Monday, November 19, 2012

Daphne Finishes and becomes a poster and Patinas on bronze

 Daphne is finally coming to a finish, just a few clean up areas to do, this is a shot of the interior, I'm using a die grinder to smooth out some areas.
 With her finish I have decided to make a poster of her.  I liked this image so much (this is from an earlier post) I thought it would make a cool poster on Zazzle, a print on demand company. It measures 16 x 20 inches.

 I have also created a 2013 calendar showing my works in stone, paper and bronze. The address to buy the poster is-
 And now for something completely different.  This is a life-size woman's face I created from wax and had sandcast years ago.
The sandcast process is very different from the lost wax process and is much simpler.  It involves sand acting as a sort of mold (it is pressed on either side of the original)  there can be no undercuts and the original must be fairly thin and uniform - this face (formed from Wax) is about 1/2" thick.
 The face then gets a light ferric patina. It is a chemical sprayed onto the bronze to give it a light gold color.  I will then apply a wax while it is still hot to seal the bronze and protect the color of the patina.
 This is a wolf head also created using the lost wax process.  Both these pieces were created a few years back and then I got busy and never went on to add a patina.  This is the natural patina that the wolf took on.
 This is how he looked after I sandblasted him. Sandblasting is a way to clean bronze of old patina prior to applying a new patina.
 Again the torch and some ferric is sprayed onto the bronze, next a coat of wax. Both the woman and wolf face will be for sale on ebay in the near future.
 I am experimenting with a patina for my sculpture Flight.  The figure is in light ferric, the uprights supporting him are in a powder blue patina.  I wanted the figure to have a feeling of being suspended and I think the contrasting colors of patina help give that feeling.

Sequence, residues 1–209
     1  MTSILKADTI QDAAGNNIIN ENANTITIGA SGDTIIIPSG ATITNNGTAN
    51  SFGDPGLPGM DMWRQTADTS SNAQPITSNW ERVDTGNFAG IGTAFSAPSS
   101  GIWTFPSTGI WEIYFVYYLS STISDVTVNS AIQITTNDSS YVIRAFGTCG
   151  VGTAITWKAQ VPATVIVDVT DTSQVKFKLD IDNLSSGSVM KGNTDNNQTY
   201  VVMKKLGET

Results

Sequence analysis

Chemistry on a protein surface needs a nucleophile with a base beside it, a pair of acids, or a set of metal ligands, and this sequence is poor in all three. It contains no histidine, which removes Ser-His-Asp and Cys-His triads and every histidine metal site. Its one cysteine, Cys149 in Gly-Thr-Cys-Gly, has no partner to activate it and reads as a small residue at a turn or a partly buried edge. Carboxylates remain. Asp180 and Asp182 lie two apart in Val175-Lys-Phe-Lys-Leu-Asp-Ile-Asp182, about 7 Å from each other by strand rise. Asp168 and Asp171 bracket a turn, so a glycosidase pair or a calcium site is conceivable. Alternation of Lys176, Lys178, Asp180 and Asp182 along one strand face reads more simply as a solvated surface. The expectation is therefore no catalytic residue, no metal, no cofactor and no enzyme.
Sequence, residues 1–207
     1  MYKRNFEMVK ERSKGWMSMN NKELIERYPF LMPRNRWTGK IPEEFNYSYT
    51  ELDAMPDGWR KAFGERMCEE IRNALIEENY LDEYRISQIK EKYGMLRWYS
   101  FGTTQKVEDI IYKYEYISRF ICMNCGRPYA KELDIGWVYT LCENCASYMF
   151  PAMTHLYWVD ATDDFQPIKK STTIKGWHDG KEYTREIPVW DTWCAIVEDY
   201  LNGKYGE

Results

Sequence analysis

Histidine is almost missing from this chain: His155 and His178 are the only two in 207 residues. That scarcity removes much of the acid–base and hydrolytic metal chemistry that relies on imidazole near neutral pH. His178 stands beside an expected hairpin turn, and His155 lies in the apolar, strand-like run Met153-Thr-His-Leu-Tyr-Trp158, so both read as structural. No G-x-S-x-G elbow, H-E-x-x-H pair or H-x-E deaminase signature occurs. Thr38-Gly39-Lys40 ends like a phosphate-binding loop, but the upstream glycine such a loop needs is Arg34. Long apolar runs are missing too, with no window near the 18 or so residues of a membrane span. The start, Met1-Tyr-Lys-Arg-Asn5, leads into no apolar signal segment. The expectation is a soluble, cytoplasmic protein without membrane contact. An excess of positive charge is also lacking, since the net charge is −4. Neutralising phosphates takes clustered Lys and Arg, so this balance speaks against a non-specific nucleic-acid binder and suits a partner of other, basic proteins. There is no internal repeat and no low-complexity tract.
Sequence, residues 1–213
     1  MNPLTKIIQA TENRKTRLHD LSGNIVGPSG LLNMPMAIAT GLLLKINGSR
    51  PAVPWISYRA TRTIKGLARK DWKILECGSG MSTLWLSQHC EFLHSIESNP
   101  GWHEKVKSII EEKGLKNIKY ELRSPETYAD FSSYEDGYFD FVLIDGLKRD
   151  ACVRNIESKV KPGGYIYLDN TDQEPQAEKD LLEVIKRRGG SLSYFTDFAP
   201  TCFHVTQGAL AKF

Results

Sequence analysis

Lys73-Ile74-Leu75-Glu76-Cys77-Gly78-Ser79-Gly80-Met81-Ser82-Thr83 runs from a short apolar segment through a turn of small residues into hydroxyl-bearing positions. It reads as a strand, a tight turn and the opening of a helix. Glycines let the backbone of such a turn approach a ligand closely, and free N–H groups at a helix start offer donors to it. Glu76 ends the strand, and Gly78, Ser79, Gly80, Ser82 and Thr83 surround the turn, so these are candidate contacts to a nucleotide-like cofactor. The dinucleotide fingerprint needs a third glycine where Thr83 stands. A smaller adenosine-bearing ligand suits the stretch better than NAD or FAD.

And speaking of flight, I got this picture of an immature bald eagle soaring overhead.  At first I thought it was a vulture and I zoomed in and snapped this photo and was pleasantly surprised...
And this was a surprise - a bobcat in broad daylight and I had a camera with me, what luck!

Sunday, November 11, 2012

Heron sculpture installed at Cave Hill, finishing touches on Daphne

 The heron sculpture was installed at Cave Hill Cemetery in the Scattering Garden.
 Lee Squires (who designed the monument) and I hold the heron.
 Ron readies the granite plinth for the sculpture.  Holes have been drilled in the granite to accomodate the stainless steel pins of the heron sculpture.  Billy holds the heron until Ron applies the epoxy to the holes and is ready to set the sculpture in place.
 Soon the heron is attached and is looking over the lake.
 Some views of the heron - sillouetted against the sky..

 against the fall color...
 The sculpture at a distance with one of the butterflies which will grace the monument.
 A guard watches the heron for the rest of the day until the epoxy has cured.
 I have been putting the finishing touches on Daphne, cleaning up some areas with a die grinder...
 hand sanding limbs and leaves...
 defining leaves and smoothing areas.... it just seems to go on and on and on.....
A picture of her with the fall color behind her...

Wednesday, October 31, 2012

Otter sculpture donated to Yew Dell Gardens, Heron gets a patina and something both otters and herons enjoy - fish

 Mr. and Mrs. Garrett  of Louisville KY have decided to donate to Yew Dell Gardens in Crestwood, KY,.an otter sculpture they commissioned from me.   The Otter has had a beautiful home with the Garretts for years.  It has had many vistors from local garden tours throughout the years.
Everett  and George of Charlestown Monument secure the rigging to the sculpture so that it can be safely lifted onto the truck.

 Everett operates the crane, lifting the otter onto the truck.
 The sculpture is safely deposited upon the truck and is strapped down.
 Next, the drive to Yew Dell Gardens.
 The sculpture is then removed from the truck ...
 and set into place.  This is a temporary home for the otter, it's new location is under construction and when that is complete the otter will be moved to it's permanent home.
 The otter taking in it's new home.
 The heron has received it's patina and is now ready to make it's trip to Cave Hill Cemetery.
 Another view.
This is something that would interest both Otter and Heron - fish.  There are huge schools of these fish (not sure of the species) in the creek.  They splash at the surface (spawning?) and there are so many it sounds and looks like rain.